When Richard Davis was young, his high school concert band was good enough to compete in the California state band championship. Thirty seconds into their piece “Symphonia,” a difficult song for a 200-member band to play, the lights in the auditorium where the competition was held went out. For the next 56 seconds, the band played on in absolute darkness, relying on memory and their practice together to perform.

When they finished playing, the only sound came from the six judges who were giving them a standing ovation.

That experience is still emblazoned in Davis’ mind, not because they won the competition but because it taught him what allowed a team to become something far greater than a collection of individuals. “In business, you need a moment,” said Davis. “It can be a crisis or a celebration, but it’s a defining moment that takes a group of well-intended individuals and gives them permission to say, we went through this together. Until that moment happened, we were not a team. But once it did, we had something that only we will share and remember forever.”

Davis has carried his belief in “creating moments” from U.S. Bank, where he served as the executive chairman and CEO, to Make-A-Wish America, the organization that grants wishes for children with critical illnesses. Since 2019 Davis has served as the charity’s president and CEO. “There’s nothing I love more about our meetings than the moments in which we give ourselves permission to remember what it is we do,” said Davis, referring to his organization’s practice of sharing life-changing moments.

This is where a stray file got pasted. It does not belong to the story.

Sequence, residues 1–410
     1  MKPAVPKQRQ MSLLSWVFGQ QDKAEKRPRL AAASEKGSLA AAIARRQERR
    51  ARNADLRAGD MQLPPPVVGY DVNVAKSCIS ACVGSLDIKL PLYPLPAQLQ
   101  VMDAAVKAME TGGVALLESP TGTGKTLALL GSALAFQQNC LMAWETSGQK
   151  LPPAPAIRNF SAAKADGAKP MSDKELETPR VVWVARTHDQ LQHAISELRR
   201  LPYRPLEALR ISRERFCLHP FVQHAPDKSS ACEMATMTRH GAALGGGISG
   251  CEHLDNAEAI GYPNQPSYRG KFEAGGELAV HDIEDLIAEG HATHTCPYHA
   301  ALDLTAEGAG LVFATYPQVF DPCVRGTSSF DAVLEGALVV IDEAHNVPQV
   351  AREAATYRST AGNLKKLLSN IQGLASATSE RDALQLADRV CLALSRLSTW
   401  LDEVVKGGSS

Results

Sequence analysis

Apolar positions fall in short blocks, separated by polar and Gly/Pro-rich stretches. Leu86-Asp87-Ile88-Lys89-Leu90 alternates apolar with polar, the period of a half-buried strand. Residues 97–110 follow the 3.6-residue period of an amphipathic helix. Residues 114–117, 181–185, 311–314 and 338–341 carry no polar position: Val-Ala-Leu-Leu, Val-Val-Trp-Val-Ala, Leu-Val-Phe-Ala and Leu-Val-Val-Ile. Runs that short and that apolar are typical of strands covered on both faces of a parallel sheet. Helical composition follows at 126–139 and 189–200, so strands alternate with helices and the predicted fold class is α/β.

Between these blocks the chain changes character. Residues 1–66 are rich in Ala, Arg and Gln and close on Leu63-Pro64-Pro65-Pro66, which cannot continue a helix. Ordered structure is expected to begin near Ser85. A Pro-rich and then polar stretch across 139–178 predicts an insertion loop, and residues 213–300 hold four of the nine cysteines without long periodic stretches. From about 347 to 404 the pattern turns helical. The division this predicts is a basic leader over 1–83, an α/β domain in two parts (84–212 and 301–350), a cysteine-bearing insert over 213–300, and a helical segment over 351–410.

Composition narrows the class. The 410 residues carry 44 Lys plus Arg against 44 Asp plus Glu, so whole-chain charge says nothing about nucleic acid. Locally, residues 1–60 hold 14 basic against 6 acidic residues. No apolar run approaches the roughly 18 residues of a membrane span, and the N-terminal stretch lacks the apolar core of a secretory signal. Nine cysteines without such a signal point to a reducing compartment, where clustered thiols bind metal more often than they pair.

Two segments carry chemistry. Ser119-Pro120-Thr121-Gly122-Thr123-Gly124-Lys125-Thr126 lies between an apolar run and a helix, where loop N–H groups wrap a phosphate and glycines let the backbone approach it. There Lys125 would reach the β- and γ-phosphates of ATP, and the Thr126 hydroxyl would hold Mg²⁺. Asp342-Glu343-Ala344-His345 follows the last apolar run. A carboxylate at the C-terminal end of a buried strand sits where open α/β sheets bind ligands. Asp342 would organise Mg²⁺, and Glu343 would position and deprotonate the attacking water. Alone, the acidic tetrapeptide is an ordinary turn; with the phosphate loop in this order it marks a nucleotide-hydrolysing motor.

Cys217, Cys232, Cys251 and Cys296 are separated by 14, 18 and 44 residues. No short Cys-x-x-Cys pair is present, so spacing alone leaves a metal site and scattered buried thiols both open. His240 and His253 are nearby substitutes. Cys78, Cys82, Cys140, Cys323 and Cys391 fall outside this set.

Davis has many such moments of his own, including using the challenges posed by the Covid pandemic as a rallying cry for the Make-A-Wish—making sure that everybody was on board and was traveling together to be able once again to feel the impact of their work. In the podcast, Davis shares his own heart-warming story of being pulled aside by a brother and sister, whose sibling’s wish was to visit Disneyland, and being told that this was the first time they’d seen their parents smile and laugh in many months.

Listeners to the podcast will offer some smiles and shed a few tears of their own; but they’ll also learn how a leader’s leader goes about the business of motivating himself and his teams, including:

• Why leaders should stay focused on “direction” setting rather than “goal” setting of their teams.

• How to apply the three elements of successful leadership transition in your organization.

• How to develop a greater curiosity quotient (CQ) in yourself and your team.

A tennis and basketball player as well as a champion musician, Davis is a strong advocate for making oneself versatile as a leader. “I’ve always believed that putting your hand up to do something demonstrates curiosity,” he said. “And then, if you do it well, it demonstrates competency.”

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